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CINCINNATI, OH (FOX19) -
In addition to bringing the
gun control debate to the forefront, the Newtown Connecticut shooting has also
put a spotlight on mental health issues.
In the wake of Friday's
tragedy many are asking "Why?" In response, there has been a lot of speculation
about what might have been going on in the shooter's mind that morning, but
mental health professionals are warning that jumping to conclusions can cause
more harm than understanding.
The concern is that prematurely
tying tragedies like the one in Newtown to mental illness can perpetuate
stereotypes and further deter people from seeking help.
Dr. Stephen Strakowski is the
Sr. Associate Dean of Research and the Chair of Psychiatry at UC.
"The vast, vast majority of
people with mental illness would never think of doing this just like anyone
else," he explained. "They understand that this is morally reprehensible
Dr. Strakowski has been
watching the unfolding coverage of the Newtown shooting, including the
speculation about the shooter having a possible mental health condition.
"I think that people jump on
the mental health issue because then they can put it into a ‘they' category
rather than a ‘we' category," he argued.
Strakowski worries prematurely
tying the tragedy to mental health will have negative effects.
"To try and label it off as
mental illness then puts all mental illnesses off into one bucket that these
are ‘dangerous' or ‘untrustworthy' people and it adds to the stigma and trouble
of getting help," he said.
"The percent of people who
are actually violent is so small in people both without mental illness and in
mental illness that although yes, it's increased, it's still a very, very small
minority of people," Strakowski went on to add.
Even with so many questions
still unanswered, Strakowski says it is never too early to talk about mental
He believes as a society,
more family and individual networks of support are needed to get help to people
before they act out.
"Our laws are set up that
even if someone is make threats there is really little anyone can do and police
following the law … will tell you they can't do anything until someone actually
commits a violent act," he explained.
Strakowski says the most
common place people receive mental health treatment for severe mental illness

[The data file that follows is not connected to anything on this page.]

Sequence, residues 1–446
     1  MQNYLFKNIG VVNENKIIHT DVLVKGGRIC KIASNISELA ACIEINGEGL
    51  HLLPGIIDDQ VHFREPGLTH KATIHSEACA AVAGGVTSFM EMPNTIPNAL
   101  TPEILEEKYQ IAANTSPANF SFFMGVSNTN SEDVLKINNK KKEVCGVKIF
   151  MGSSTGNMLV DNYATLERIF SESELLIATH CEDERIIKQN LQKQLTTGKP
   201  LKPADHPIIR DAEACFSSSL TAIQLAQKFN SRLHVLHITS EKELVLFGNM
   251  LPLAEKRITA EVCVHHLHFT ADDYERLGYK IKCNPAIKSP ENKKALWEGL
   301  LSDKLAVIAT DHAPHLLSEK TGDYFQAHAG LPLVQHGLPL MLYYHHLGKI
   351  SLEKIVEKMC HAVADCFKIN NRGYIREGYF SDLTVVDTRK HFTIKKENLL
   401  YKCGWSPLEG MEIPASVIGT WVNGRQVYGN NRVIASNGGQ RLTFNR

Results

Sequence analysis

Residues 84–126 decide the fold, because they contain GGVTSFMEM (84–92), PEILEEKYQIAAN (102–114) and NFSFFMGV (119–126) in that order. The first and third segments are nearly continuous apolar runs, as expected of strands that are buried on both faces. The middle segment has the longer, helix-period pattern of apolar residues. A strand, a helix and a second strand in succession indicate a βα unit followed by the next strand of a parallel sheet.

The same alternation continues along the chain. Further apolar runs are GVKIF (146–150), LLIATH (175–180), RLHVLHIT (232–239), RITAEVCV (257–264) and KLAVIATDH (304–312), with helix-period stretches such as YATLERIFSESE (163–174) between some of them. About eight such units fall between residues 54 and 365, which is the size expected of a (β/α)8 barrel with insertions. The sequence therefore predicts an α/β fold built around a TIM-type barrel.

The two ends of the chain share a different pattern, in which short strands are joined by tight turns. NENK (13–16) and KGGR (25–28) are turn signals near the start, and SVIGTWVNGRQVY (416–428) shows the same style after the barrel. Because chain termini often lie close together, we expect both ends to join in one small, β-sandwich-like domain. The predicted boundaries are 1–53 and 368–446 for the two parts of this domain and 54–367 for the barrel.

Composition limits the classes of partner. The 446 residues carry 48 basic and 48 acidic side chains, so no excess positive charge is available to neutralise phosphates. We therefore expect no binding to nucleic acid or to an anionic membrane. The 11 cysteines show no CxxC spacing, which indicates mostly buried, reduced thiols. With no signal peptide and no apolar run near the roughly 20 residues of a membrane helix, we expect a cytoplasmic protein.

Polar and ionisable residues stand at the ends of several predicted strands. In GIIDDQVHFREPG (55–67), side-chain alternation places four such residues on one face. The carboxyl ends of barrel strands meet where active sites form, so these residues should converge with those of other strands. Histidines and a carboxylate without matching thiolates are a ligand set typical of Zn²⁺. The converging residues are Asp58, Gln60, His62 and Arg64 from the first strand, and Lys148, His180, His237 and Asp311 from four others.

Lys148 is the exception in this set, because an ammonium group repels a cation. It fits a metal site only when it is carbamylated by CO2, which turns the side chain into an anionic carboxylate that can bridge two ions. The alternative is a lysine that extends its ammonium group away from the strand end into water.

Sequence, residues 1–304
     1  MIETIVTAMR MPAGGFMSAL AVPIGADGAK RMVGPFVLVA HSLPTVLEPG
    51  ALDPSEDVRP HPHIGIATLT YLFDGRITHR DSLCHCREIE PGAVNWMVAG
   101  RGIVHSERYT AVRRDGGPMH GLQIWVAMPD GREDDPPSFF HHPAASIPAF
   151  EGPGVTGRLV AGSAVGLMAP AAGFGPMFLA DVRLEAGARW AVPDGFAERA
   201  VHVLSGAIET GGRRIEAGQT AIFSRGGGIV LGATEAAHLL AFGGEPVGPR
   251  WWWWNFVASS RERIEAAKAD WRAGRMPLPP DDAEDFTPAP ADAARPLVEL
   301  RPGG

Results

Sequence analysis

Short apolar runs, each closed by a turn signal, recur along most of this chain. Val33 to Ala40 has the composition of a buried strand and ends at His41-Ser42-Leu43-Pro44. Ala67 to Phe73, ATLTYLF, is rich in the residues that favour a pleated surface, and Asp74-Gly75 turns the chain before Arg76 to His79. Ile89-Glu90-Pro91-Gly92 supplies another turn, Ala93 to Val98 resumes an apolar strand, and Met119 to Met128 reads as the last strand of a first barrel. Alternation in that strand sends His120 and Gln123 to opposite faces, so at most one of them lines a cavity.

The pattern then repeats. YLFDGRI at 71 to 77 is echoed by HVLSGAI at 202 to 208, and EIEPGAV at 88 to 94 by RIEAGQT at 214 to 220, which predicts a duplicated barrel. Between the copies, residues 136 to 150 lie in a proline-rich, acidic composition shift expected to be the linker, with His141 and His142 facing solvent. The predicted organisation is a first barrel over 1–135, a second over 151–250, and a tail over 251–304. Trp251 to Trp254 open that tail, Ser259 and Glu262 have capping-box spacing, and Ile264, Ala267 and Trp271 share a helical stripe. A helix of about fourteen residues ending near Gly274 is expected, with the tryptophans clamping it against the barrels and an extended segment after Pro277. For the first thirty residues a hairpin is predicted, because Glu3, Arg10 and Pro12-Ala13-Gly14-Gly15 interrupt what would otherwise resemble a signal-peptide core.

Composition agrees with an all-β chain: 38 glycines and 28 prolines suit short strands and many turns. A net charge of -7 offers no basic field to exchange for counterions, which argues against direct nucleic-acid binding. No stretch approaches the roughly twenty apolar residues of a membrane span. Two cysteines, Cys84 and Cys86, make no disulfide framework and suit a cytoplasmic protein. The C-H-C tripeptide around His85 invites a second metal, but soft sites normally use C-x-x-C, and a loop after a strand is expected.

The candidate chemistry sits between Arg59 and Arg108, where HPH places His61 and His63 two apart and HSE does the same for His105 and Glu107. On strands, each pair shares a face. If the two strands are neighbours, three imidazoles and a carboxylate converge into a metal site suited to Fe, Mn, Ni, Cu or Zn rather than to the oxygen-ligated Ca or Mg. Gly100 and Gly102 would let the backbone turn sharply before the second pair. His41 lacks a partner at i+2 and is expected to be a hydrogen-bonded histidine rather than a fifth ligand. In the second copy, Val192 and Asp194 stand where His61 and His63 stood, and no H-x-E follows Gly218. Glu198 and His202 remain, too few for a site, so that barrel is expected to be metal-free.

these days is in jails rather than mental health facilities.
Strakowski says he would
rather see a larger conversation begin that dives into the complexities that
lead to violent acts instead of trying to simplify them with labels.
"The better first step is:
how do we as a society foster this kind of behavior that we allow it to happen
though obviously we despise it?" Strakowski offered.
The Executive Director of the
National Alliance on Mental Illness authored a blog earlier this year
surrounding the issue of mental health and violence. The blog was in response
to public outcry following the Aurora, Colorado Shooting. In the blog, Director
Mike Fitzpatrickwrites "Despite
many public perceptions, we do know that generally the likelihood of violence
from people with mental illness is low." He referenced a U.S. Surgeon General
report from 1999 that states "the overall contribution of mental disorders
to the total level of violence in society is exceptionally small."
According to a blog
written by the director of the National Institute of Mental Health following
the Tucson shooting in 2011, people with severe mental illness are up to three times
more likely to be violent. He writes that the likelihood may increase when
substance abuse and especially an episode of psychosis is involved. At the same
time, however, Dr. Thomas R. Insel points about most people with a severe
mental illness are not violent and that in the greater picture, mental illness
contributes "very little to the overall rate of violence in the community".
Instead, the blog references a study showing those individuals are at a higher
risk of being victims rather than perpetrators.
The National Alliance on Mental Illness has offices
in the Tri-State. N.A.M.I. representatives encourage anyone with questions
about mental illness or mental health or people interested in getting resources
and referrals to call 513.351.3500.
A spokesperson says messages will be
returned within 24 hours.